And on the subject of our preoccupation with how much room we occupy in the minds of others, a single op-ed made me, a longtime waitress, entirely rethink my position on American service culture after many frustrations with restaurants while studying abroad. “We are subject to enough delusions in this life without adding to them the belief that the girl with the name tag is secretly in love with us.”

Why nostalgia isn’t a disease as its nomenclature suggests. Stories about research can be tiresome to read, but this one captures the attention (and hearts of those who love UNC with its nice, little shout-out). Also, let’s talk more about mental health — just not alongside “black and white photographs of mystical emaciated women who stare off into the distance” plz.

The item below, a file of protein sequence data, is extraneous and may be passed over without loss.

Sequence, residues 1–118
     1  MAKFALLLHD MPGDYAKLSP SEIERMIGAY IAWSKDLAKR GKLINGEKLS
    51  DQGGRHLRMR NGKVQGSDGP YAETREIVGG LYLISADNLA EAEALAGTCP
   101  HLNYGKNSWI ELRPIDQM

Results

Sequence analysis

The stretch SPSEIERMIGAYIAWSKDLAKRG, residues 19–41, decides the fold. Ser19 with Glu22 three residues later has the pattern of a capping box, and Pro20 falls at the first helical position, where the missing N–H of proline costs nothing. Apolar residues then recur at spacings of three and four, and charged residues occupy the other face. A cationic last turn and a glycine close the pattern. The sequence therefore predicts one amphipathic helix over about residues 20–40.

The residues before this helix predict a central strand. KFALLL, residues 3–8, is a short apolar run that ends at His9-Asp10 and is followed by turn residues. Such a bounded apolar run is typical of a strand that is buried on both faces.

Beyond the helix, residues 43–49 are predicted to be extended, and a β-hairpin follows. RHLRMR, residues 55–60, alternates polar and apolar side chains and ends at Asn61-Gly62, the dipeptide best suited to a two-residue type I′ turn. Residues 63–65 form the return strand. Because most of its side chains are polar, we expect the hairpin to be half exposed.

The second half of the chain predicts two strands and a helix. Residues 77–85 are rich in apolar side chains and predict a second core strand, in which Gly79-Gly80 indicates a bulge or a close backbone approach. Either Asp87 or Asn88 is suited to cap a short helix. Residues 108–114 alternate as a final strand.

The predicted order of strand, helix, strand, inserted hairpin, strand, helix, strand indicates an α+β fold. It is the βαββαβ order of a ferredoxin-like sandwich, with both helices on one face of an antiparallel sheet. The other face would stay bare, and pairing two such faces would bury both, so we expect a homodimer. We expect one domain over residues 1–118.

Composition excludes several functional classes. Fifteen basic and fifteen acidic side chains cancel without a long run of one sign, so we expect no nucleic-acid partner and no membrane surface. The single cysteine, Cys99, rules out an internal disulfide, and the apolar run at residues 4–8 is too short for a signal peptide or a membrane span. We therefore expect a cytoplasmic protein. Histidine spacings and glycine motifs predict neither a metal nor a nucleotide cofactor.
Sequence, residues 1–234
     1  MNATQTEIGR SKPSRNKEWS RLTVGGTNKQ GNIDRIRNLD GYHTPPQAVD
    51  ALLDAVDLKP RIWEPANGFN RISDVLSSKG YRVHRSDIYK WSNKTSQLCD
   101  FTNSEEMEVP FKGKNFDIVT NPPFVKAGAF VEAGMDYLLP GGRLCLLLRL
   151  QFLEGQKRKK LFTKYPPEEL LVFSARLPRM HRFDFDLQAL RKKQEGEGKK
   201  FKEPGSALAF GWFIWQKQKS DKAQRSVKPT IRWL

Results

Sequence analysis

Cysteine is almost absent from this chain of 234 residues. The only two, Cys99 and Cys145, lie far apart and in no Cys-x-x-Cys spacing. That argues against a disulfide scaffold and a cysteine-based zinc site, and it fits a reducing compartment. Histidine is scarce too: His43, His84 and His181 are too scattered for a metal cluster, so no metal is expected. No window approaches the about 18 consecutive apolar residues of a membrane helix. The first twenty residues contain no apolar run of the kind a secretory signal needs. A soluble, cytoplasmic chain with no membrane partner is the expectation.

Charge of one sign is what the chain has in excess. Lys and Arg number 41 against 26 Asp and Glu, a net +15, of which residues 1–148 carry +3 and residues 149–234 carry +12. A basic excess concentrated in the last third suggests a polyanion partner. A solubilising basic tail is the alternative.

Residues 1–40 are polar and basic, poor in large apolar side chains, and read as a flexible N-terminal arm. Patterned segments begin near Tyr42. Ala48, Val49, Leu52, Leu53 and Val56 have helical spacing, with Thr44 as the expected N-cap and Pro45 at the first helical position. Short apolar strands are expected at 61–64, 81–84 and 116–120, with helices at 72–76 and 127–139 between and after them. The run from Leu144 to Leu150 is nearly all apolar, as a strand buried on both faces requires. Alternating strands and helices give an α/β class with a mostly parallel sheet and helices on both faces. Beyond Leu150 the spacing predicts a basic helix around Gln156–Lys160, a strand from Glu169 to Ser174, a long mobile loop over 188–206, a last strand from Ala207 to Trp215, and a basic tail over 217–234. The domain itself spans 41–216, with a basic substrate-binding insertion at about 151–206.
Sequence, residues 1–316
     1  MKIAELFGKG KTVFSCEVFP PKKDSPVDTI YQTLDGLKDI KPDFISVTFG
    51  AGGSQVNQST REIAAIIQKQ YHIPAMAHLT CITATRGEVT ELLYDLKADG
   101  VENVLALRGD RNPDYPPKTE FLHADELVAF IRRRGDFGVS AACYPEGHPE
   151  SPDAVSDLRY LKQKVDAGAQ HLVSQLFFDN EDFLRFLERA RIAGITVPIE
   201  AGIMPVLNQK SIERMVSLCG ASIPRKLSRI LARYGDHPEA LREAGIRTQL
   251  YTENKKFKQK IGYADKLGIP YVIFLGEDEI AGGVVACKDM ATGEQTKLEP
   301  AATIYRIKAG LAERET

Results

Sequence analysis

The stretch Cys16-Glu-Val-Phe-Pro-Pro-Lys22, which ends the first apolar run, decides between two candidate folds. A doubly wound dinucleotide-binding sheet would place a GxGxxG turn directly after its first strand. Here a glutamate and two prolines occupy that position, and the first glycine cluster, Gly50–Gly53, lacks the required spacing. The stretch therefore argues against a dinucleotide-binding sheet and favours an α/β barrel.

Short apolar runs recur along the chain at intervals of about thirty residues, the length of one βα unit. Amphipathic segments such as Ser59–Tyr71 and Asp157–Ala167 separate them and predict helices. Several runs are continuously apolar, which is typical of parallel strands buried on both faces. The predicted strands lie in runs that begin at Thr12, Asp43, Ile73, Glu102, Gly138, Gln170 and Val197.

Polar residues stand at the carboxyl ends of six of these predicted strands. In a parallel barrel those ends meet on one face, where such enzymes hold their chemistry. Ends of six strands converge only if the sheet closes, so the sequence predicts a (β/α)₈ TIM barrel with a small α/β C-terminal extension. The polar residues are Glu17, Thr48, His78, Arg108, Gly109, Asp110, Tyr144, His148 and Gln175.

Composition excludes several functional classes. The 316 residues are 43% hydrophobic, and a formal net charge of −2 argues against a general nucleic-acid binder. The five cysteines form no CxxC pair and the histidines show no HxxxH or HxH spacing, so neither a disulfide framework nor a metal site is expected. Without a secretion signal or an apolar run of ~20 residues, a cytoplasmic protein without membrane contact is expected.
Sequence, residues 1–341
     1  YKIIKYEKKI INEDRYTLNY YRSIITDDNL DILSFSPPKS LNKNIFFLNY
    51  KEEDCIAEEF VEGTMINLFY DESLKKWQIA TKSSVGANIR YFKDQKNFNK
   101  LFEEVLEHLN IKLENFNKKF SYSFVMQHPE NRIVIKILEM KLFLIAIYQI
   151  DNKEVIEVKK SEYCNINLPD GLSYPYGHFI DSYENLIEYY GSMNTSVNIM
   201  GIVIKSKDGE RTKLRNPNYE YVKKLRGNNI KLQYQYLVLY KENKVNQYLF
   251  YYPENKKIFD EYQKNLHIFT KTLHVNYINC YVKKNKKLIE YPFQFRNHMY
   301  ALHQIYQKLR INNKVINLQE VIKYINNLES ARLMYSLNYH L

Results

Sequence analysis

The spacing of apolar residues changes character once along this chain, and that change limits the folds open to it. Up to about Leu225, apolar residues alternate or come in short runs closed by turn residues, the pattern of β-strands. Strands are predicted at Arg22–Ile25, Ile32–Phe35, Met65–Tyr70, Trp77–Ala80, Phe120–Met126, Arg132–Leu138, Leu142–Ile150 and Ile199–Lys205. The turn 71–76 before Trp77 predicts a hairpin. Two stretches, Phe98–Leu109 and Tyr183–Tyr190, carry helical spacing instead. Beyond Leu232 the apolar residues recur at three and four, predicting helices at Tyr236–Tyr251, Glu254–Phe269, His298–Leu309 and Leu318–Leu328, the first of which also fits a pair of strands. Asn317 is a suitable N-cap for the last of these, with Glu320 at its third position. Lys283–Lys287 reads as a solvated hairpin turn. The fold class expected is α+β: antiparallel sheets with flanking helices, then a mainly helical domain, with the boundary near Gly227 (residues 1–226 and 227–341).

Due to my own persisting nostalgia (seven months post-London) and out of self-indulgence, here’s the closest I’ve felt to the city since I left.

Sorry America, the United Kingdom one-ups you with its cheeky tabloid headlines.

“From another, Miranda Lambert was stomping in, full of vitriol and skepticism, an alpha answering to no beta.” The ladies of country can kick ass, too. But still, Taylor Swift should be a part of your feminist manifesta, and brilliant 17-year-old Rookie editor, Tavi Gevinson, tells you exactly why.

A damning narrative of Matt Lauer’s decline on NBC’s “Today” … so maybe I won’t be a talk show host? Yeah, I really like being a writer. I really, really do.